The kimono is the traditional Japanese dress, both for men and women. There are long lists of names that define different types of kimonos, more or less valuable, according to the use and the category of people who wore them: formal for married women, business dress, with a decorated motif (which gives the name to the type of dress), or in common fabric to go to the spa, to practice martial arts or the art of entertainment of the Geisha.
Although the kimono is a distinctly Japanese form of clothing, its roots are said to be from China. The earliest form of kimono was worn as a type of underwear, gaining popularity in Japan during the Muromachi period (1392-1573), when they began to be worn without hakama (traditional Japanese pants) and paired with a shaft called an obi. Since the Edo period (1603-1867) the kimono as we know it today has truly become part of Japanese costumes, with an ever-increasing variety of colors, fabrics and styles available. The obi has become wider and the length of the sleeves has grown. The kimono is worn by women or girls and by men

There are several elements involved when wearing a kimono. To understand a kimono, it is important to know the pieces that make it up, here are some of the main parts that make up a kimono:
Kimono – is the main garment, which can be made from a variety of materials including, cotton, linen, wool and silk.

Obi – the outermost belt tied to a kimono. The knot can be tied in a variety of decorative ways.

Juban – A type of underwear specifically used with kimonos.

Koshi-himo – the belt tied around the waist to secure the kimono in place.

Datejime – A belt attached to the kimono, but under the obi, which helps obi maintain shape.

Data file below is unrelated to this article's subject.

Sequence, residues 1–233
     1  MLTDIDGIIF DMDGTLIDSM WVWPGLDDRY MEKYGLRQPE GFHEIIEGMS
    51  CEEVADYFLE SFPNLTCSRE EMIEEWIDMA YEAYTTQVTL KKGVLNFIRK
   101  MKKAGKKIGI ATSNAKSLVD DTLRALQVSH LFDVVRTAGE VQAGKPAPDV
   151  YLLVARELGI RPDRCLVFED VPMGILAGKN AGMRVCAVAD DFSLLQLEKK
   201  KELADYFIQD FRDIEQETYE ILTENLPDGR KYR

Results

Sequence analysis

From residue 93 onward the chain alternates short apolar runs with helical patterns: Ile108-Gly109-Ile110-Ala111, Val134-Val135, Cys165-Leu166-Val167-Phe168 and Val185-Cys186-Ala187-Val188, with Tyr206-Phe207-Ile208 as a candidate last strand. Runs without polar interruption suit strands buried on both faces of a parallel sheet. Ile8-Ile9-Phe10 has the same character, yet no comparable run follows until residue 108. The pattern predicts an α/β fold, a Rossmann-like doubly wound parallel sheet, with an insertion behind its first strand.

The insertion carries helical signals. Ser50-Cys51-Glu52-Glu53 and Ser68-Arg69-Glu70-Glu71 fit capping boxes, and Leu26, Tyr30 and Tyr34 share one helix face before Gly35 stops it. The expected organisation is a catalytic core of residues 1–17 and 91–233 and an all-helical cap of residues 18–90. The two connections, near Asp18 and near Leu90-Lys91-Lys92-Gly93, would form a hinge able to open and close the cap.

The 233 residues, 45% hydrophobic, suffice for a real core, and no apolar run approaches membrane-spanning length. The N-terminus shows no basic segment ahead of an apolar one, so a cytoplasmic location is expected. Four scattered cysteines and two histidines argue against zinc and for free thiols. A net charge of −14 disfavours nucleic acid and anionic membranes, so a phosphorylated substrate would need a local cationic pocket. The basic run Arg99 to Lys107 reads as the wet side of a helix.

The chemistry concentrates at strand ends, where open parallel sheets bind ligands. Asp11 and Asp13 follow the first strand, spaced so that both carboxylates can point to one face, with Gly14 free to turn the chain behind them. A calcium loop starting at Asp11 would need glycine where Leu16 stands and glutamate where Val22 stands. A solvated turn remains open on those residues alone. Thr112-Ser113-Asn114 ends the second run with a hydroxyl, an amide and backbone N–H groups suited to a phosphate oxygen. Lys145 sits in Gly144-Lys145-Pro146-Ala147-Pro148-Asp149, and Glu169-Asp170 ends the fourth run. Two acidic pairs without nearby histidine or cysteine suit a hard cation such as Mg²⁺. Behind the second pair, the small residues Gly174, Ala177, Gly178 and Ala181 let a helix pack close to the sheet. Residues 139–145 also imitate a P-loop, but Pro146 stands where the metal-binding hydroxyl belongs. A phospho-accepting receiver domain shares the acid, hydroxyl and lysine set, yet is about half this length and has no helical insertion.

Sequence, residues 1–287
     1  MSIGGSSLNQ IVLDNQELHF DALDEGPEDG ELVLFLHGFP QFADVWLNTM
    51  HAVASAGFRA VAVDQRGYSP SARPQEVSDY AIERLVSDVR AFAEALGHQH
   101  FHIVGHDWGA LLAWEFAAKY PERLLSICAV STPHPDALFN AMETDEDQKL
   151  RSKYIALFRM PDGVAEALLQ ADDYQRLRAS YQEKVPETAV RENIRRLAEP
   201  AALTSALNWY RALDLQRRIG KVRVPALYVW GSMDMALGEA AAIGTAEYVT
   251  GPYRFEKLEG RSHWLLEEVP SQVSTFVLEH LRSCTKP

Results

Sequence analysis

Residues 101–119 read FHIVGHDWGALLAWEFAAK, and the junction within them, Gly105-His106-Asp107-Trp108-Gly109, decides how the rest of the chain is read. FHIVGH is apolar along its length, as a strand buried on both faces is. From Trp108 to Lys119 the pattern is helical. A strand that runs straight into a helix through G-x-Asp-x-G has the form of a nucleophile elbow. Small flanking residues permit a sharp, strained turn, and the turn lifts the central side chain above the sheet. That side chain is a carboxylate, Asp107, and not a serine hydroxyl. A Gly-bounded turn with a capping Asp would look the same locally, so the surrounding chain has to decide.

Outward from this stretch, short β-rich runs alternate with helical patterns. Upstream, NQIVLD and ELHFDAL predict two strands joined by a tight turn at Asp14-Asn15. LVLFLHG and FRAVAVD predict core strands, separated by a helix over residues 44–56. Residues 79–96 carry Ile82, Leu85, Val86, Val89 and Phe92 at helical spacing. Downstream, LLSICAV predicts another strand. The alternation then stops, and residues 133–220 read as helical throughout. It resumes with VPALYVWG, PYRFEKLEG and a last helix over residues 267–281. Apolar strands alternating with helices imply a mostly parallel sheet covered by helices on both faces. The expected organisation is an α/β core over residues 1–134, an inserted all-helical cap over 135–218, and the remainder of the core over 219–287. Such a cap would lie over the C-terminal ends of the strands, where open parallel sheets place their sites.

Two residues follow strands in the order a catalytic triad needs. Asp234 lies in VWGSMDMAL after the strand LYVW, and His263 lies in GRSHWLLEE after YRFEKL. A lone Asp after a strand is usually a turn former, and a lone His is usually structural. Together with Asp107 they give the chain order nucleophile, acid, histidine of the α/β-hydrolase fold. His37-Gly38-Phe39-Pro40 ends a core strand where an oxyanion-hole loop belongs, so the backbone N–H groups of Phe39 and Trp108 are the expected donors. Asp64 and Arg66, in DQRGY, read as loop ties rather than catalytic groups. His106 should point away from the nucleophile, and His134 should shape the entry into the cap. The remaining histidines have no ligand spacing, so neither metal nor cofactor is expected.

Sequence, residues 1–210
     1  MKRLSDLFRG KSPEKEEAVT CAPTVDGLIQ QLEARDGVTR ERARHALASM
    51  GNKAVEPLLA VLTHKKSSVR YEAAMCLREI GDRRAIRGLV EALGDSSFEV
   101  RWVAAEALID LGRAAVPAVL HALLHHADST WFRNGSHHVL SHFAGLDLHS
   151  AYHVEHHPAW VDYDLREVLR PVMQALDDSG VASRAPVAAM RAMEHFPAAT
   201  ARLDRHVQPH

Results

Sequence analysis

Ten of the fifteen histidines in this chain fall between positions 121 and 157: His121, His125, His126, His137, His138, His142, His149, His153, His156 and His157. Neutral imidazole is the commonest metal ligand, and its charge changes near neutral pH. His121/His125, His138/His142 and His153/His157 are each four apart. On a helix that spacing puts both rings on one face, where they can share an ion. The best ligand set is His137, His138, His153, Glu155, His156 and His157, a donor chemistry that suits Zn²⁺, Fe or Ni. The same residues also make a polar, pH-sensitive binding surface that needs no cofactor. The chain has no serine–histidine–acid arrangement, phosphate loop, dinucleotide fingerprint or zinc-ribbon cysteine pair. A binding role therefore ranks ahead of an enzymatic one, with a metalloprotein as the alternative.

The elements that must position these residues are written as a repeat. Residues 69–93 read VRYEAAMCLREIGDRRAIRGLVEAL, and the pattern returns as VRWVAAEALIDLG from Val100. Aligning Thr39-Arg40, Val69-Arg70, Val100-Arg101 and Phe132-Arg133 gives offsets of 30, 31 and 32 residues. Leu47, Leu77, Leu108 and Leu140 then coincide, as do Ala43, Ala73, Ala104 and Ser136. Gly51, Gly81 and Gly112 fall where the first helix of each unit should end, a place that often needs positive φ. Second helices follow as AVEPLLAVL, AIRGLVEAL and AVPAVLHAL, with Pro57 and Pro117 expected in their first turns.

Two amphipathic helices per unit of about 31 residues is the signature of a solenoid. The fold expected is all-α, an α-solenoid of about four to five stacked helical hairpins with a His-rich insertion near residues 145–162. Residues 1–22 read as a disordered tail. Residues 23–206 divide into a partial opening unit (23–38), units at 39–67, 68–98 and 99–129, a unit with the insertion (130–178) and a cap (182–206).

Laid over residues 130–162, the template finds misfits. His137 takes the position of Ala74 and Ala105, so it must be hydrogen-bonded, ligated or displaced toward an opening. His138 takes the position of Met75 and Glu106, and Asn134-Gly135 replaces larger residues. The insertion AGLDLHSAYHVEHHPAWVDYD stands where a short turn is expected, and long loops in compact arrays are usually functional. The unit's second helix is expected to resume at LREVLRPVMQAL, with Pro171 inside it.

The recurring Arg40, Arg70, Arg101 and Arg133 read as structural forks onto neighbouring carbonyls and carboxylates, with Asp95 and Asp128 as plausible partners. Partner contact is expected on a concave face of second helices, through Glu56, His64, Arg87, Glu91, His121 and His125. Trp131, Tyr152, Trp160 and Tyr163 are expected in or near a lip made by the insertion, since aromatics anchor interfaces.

Tabi – Socks specially designed to be worn with traditional Japanese footwear.
The foot area is divided into two sections.

Geta, Zori – These are some of the traditional types of footwear worn with kimonos. They look a bit like modern sandals.
Types of Kimono

Furisode – This is the type of kimono worn by young unmarried women and girls. It is distinguishable by the long sleeves and in bright colors. Furisode is the typical kimono worn during the Japan Age Day (‘Seijin no Hi’).

Tomesode – A formal kimono that is worn by women who are married. It can be decorated in intricate crests and patterns, however these decorations are typically found below the waist. Mothers traditionally wear a black tomesode at their child’s wedding. There are also colorful tomesodes, which are sometimes worn by single women on special occasions. ·

Houmongi – literally meaning “to dress kimono”, a houmongi is a type of kimono suitable for any age and marital status. You can identify this kimono with the patterns that run over the shoulders and bottom. This type of kimono can be worn to attend wedding or tea ceremonies.

Yukata – the type of kimono most often seen in Japanese summer festivals. Yukata are made of thin material and suitable for both women and men. However, men’s yukatas are not as colorful as those worn by women.

Komon – Another type of casual kimono. A comone is usually decorated in a repeating pattern. The comone is perfect, everyday casual, as it was the common everyday dress in the days before western clothing became standard wear.

Iromuji – A solid color kimono worn by married and unmarried women. Iromuji can be in any color with the exception of white or black, however, they are in rather muted tones. They can also be decorated with crests – the more crests there are, the more formal the kimono is. This is a simple yet sophisticated kimono.
Over the course of history the kimono has had more or less fortunate periods, remaining, however, a latent reference in patient waiting for a gust of wind or style to bring it back on the catwalks and in our wardrobes. From Poiret to Yamamoto, from Galliano to Saint Laurent, from Thom Browne to J.W. Anderson, no designer has been able to ignore its charm by proposing it, each in its own way, even in recent seasons. Despite being very current and loved by stars like Florence Welch and Beyoncé, who, still pregnant with twins, wore a Gucci one to a basketball game, this pivotal piece of Japanese costume has a very ancient history.